May 10, 2013
What You Need to Know
Turn Back the Clock Night
The Thursday Takeaway
No, a quick check of the calendar confirms that it is, in fact, May 2013. And no, the radar gun at Progressive Field wasn't deceiving the fans in attendance or those watching the Indians’ 9-2 victory over the Athletics on television. Kazmir, two-year hiatus and all, really was touching 96 mph with his fastball on Thursday afternoon. And the visiting A’s, like many of the teams the 29-year-old lefty faced during his heyday in Tampa Bay, could do nothing with it.
Three weeks ago, the Astros shelled Kazmir to the tune of six runs in just 3 1/3 innings, an inauspicious beginning to his attempted renaissance. He allowed only two runs in each of his two subsequent starts, but those came against the Royals and Twins, middle-of-the-pack offenses that offered only a tempered harbinger of sustained effectiveness. On Thursday, though, Kazmir took on the league’s highest-scoring lineup, which, prior to yesterday afternoon, had compiled the top OPS in the majors against opposing lefties (836). The Athletics entered the series finale in Cleveland with a .386 team on-base percentage versus southpaws, 22 points better than that of the next-best American League team (the Tigers) in 2013 and better than all but 10 individual hitters fared last season.
And Kazmir, who essentially employed a three-pitch arsenal, permitted only five Oakland hitters to reach base over his six innings on the hill. A Josh Donaldson home run represented the only blemish on his overall line.
Along the way, Kazmir elicited 19 whiffs, 13 of them on the hard stuff, which he used early and often. Blessed for the second consecutive start with the sort of velocity he hadn’t enjoyed in years, Kazmir fired first-pitch strikes to 19 of the 23 batters he faced, jumping ahead time and time again. And with his changeup and slider both working well, too, Kazmir became the first Indians starter to record 10 strikeouts without issuing a walk since Cliff Lee did it on June 7, 2005.
Backed by homers from Jason Kipnis, Nick Swisher, and the aforementioned Reynolds, Kazmir notched strikes with 72 of his 103 deliveries, accomplishing the 10-to-0 K:BB feat for the first time since May 26, 2008. It was also his first double-digit-strikeout effort since August 26, 2009, the last time he took the mound as a member of the Rays.
Kazmir has come a long way since April 3, 2011, when a 1 2/3-inning, five-run clunker marked the end of his disastrous stint with the Angels. He has even come a long way over the past 20 days, from that dud in Houston, where his fastball sat around 91 mph and never threatened 95.
First-year Indians manager Terry Francona, who was on the losing end of many of Kazmir’s best performances as a Ray, told reporters after the game, “I think he’s kind of at peace where he’s at and enjoying it.” The Tribe—which has looked far and wide for rotation help, from the Ubaldo Jimenez trade to Brett Myers’ return to starting, in recent years—appears to have found it in the least likely place. And with Kazmir capping a four-game sweep of the Athletics to extend Cleveland’s surge to 10 wins in 11 games, the Indians are most certainly enjoying it, too.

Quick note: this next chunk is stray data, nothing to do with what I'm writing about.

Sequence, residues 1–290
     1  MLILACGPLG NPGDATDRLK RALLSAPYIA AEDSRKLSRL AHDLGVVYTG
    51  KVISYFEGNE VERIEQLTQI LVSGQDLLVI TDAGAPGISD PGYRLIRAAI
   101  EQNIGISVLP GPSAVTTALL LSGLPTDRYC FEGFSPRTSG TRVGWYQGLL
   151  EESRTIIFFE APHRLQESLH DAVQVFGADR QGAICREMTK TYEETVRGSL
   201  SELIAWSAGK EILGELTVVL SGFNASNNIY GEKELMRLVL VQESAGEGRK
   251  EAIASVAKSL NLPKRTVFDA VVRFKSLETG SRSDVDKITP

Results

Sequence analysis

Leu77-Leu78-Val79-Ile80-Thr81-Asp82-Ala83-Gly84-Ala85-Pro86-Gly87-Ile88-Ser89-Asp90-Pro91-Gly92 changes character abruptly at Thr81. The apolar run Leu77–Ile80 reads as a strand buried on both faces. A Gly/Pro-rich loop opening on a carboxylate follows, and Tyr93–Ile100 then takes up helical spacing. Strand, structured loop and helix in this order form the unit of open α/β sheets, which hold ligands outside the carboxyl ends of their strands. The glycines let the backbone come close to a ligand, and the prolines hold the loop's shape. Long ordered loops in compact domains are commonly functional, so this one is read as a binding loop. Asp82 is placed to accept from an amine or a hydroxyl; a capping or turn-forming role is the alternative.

Matchup of the Day
Each of the first five meetings between Hudson and Sandoval resulted in a ground ball, and each of the most recent three have, too. The 37-year-old Hudson has limited the Giants to two or fewer earned runs over seven or more innings in each of his last six starts against them, and his success in neutralizing Sandoval is a big reason why. With a 52.8 percent ground-ball rate through seven starts, Hudson is using the same bag of tricks that has served him well since his debut for the Athletics in 1999. And if the Giants are to deal him a defeat for the first time since April 8, 2006, they’ll likely need the Panda to alter his approach.
A glance at the afore-linked matchup page reveals that Hudson hasn’t done anything fancy to roll Sandoval over—a steady diet of sinkers, cutters, and splitters, with a few curveballs sprinkled in for show, has kept the 26-year-old at bay. Sandoval’s free-swinging tendencies leave him vulnerable to off-speed offerings just off the outside edge, and pitchers like Hudson, who command their splitters (or changeups) well can exploit his willingness to chase. Sinkers and cutters have not generally flustered Sandoval, but Hudson’s ability to locate and mix his moving fastballs has enabled him to avoid the barrel of Sandoval’s bat.
If Sandoval is to turn his fortunes against Hudson, he’ll need to hope for early mistakes or become more selective. Only five of the 17 showdowns between them have lasted longer than three pitches, helping the veteran right-hander to contain his pitch count and last deep into his outings against the Giants. Sandoval will try to make the necessary adjustments in game two of four at AT&T Park, where the home team will go with Matt Cain (10:15 p.m. ET).
What to Watch for This Weekend